Editor’s Column: It’s time to learn (or relearn) civics

I blew it last week. I neglected to explain the parameters of a “workshop” meeting—which is a public

Niki Turner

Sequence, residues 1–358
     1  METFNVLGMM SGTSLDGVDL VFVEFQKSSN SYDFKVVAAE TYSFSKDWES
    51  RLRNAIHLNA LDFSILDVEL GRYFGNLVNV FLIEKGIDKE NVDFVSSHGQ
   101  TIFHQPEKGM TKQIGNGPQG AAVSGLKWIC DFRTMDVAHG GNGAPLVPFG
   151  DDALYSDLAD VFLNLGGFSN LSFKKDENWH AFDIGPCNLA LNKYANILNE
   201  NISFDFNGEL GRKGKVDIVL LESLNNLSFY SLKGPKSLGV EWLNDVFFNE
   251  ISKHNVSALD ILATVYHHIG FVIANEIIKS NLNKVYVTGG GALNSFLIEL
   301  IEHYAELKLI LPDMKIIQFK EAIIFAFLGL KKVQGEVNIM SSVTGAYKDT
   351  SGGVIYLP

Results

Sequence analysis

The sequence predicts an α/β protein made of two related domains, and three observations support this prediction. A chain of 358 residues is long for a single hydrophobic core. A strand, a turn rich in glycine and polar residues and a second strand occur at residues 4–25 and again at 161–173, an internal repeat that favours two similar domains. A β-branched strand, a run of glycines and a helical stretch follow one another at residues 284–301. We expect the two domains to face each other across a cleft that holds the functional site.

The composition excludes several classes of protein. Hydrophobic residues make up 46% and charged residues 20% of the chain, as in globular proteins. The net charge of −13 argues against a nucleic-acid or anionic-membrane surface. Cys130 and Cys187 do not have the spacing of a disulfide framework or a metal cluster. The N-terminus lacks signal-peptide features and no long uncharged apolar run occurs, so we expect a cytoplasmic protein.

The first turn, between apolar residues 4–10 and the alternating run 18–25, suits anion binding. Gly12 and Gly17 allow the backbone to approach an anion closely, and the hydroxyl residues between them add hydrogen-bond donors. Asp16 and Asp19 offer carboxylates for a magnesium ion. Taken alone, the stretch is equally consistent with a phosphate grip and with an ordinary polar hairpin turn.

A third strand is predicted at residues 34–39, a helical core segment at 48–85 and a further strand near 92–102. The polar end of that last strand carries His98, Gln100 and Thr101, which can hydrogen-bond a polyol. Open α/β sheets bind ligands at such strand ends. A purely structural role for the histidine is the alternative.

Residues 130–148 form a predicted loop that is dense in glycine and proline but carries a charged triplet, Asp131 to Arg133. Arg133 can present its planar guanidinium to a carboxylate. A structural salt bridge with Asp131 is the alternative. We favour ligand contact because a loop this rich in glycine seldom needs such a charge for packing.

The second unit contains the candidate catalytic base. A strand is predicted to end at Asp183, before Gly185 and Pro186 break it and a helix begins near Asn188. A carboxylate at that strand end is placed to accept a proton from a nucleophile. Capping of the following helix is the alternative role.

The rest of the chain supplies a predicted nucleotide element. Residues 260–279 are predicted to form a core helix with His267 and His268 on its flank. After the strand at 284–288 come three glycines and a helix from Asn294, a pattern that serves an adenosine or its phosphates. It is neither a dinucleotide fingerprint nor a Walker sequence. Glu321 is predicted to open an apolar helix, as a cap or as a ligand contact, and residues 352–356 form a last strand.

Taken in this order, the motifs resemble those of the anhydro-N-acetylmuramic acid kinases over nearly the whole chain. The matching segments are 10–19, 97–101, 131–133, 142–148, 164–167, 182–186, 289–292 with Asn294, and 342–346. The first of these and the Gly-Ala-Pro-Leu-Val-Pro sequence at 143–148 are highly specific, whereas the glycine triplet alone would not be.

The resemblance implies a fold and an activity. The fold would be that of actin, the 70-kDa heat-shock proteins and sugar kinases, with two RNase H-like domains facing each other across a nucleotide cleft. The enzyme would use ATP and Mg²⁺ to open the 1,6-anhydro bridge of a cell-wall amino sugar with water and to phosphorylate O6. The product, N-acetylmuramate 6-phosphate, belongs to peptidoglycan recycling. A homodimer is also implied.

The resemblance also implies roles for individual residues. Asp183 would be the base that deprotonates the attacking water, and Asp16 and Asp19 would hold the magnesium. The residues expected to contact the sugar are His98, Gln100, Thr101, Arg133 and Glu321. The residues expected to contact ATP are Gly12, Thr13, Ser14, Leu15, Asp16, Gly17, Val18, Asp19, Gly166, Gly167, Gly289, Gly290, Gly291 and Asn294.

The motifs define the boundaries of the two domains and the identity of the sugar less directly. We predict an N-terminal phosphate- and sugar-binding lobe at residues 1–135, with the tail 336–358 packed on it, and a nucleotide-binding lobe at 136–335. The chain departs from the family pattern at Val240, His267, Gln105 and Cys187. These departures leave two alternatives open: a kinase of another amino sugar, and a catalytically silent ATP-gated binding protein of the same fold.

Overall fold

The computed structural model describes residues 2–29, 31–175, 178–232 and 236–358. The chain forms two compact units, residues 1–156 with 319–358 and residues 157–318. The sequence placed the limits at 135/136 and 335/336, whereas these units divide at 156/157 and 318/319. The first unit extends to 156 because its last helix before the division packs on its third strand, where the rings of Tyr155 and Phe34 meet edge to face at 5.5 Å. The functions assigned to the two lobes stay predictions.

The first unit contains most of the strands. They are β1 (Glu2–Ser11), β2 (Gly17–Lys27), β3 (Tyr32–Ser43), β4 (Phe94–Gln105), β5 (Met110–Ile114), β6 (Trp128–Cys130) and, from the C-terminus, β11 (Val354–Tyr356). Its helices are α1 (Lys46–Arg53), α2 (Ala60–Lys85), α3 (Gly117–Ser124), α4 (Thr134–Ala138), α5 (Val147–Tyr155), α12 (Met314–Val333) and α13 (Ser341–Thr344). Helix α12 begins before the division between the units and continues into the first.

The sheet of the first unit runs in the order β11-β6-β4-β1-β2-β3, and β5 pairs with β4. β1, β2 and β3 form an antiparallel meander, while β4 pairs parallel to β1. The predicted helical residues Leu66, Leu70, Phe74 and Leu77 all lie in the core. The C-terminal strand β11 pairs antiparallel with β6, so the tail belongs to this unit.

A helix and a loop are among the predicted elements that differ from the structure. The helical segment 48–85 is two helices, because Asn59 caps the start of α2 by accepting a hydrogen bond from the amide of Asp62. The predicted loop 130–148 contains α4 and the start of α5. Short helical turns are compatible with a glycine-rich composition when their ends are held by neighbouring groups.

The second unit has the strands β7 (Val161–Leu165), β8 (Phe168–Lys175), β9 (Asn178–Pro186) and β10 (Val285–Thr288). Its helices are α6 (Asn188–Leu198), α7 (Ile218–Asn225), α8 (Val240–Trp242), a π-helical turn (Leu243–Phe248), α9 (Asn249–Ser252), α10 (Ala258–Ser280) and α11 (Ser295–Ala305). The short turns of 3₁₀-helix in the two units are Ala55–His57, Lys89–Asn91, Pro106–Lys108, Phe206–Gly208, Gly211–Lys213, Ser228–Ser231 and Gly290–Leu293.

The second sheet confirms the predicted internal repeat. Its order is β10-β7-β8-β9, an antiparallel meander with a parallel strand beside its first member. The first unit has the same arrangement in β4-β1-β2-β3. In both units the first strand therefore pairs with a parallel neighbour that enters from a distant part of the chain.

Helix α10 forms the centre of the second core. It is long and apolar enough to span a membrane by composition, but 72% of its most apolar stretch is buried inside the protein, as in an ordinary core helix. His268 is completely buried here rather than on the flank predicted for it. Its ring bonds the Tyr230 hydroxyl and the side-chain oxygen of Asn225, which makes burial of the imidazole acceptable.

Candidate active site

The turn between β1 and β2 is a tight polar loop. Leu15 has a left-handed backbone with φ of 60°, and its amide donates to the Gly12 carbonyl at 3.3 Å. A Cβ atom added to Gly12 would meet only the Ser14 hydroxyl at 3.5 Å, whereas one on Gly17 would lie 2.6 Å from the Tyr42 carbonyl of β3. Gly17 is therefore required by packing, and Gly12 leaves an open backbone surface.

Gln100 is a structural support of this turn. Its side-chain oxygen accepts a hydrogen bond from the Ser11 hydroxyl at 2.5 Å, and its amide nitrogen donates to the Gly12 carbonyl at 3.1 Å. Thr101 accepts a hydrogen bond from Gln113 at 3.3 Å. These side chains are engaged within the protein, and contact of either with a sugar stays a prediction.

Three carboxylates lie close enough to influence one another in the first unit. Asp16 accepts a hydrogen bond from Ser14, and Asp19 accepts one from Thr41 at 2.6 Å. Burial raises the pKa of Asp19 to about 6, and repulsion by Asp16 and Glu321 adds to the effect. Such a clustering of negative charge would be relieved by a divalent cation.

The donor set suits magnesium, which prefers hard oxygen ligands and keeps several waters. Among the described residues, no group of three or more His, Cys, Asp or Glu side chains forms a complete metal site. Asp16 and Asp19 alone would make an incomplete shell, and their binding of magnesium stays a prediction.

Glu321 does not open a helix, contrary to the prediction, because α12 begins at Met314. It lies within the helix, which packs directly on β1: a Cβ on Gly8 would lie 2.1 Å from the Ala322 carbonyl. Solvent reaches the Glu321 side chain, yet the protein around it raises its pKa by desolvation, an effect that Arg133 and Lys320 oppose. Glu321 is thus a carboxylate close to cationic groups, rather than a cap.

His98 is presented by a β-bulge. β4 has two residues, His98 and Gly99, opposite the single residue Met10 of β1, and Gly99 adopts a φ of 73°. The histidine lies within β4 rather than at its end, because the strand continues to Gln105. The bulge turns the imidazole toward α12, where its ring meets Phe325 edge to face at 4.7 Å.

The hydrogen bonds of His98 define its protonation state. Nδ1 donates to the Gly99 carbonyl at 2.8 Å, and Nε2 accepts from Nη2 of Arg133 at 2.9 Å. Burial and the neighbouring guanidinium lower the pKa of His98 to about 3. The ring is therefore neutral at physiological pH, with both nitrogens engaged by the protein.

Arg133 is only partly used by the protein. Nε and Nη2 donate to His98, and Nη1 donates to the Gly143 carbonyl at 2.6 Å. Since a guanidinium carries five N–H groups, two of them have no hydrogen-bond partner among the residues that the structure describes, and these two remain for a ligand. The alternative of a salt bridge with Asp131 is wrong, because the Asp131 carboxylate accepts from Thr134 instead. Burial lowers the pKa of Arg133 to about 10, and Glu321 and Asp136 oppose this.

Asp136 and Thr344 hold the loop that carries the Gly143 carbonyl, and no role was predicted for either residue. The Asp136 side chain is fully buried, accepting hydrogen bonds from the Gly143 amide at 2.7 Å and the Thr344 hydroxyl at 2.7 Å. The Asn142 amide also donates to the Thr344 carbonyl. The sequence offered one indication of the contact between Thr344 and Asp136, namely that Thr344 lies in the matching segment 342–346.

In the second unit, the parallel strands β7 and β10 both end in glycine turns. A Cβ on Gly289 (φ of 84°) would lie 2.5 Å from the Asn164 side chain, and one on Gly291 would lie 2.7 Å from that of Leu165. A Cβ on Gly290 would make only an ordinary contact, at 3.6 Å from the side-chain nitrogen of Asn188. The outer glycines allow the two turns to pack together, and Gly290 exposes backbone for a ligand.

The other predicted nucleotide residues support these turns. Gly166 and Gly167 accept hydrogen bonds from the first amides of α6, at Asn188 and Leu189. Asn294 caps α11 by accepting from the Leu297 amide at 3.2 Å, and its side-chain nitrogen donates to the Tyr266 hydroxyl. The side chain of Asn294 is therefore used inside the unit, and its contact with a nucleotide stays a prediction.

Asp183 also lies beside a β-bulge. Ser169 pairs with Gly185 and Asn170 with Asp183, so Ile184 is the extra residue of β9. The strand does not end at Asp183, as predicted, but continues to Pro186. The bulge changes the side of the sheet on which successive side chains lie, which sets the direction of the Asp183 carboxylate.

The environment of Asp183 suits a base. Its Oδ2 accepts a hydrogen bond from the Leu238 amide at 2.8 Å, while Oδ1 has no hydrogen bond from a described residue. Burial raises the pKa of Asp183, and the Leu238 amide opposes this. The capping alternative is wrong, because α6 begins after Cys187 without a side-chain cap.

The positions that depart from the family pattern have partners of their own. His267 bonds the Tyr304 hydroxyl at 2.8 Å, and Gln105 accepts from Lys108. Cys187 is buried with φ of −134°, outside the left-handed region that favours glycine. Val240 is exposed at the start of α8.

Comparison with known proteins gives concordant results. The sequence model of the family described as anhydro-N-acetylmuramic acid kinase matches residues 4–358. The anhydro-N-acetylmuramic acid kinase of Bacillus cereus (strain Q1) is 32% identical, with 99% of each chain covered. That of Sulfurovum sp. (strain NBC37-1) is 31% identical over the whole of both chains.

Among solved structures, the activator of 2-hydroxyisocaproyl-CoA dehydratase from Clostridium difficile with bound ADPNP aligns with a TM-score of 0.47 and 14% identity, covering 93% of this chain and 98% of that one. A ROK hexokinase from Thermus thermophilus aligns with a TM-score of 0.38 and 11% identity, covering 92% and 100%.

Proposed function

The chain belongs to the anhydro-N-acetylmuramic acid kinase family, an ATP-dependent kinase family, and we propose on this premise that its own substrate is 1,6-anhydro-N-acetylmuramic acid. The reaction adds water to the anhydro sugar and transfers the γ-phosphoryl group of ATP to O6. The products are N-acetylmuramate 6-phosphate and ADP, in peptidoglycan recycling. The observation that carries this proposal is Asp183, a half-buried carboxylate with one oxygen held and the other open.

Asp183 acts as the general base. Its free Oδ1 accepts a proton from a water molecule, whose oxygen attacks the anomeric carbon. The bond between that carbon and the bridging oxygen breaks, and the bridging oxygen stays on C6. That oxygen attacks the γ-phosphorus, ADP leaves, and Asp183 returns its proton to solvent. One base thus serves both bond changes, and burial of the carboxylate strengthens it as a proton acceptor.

meeting, but one not open to public comment or questions and answers. I knew this, but only because someone explained it to me in a meeting once upon a time. How is it that we think we understand the intricacies of our federal government and yet we don’t even understand the workings of our local town and county boards? I’ve watched enough new board members struggle through their first meetings like kids learning to ride a bike without training wheels to know it’s not just the lost fruit of a civics class I ditched in high school, it’s a problem for the average American citizen. So whose responsibility is it to inform the populace? It would be easy to point fingers, but when it comes down to it, it’s our individual responsibility as citizens to inform ourselves. When it comes to being informed about what’s going on in our local governments, we really don’t have an excuse for ignorance. Want to know what’s going on and how things work? It’s easy: 1) Attend public meetings and work sessions and read what’s on the agenda (printed in the paper) beforehand. 2) Check websites. If the info you’re looking for isn’t available, use that “contact” button and request it. 3) Call, email or track down your elected officials and ask questions you can’t find answers to. Does that take effort? Yes. Is it worth it? Yes. Is it our right, duty and responsibility? Yes. By Niki Turner niki@theheraldtimes.com I blew it last week. I neglected to explain the parameters of a “workshop” meeting—which is a public meeting, but one not open to public comment or questions and answers. I knew this, but only because someone explained it to me in a meeting once upon a time. How is it that we think we understand the intricacies of our federal government and yet we don’t even understand the workings of our local town and county boards? I’ve watched enough new board members struggle through their first meetings like kids learning to ride a bike without training wheels to know it’s not just the lost fruit of a civics class I ditched in high school, it’s a problem for the average American citizen. So whose responsibility is it to inform the populace? It would be easy to point fingers, but when it comes down to it, it’s our individual responsibility as citizens to inform ourselves. When it comes to being informed about what’s going on in our local governments, we really don’t have an excuse for ignorance. Want to know what’s going on and how things work? It’s easy: 1) Attend public meetings and work sessions and read what’s on the agenda (printed in the paper) beforehand. 2) Check websites. If the info you’re looking for isn’t available, use that “contact” button and request it. 3) Call, email or track down your elected officials and ask questions you can’t find answers to. Does that take effort? Yes. Is it worth it? Yes. Is it our right, duty and responsibility? Yes.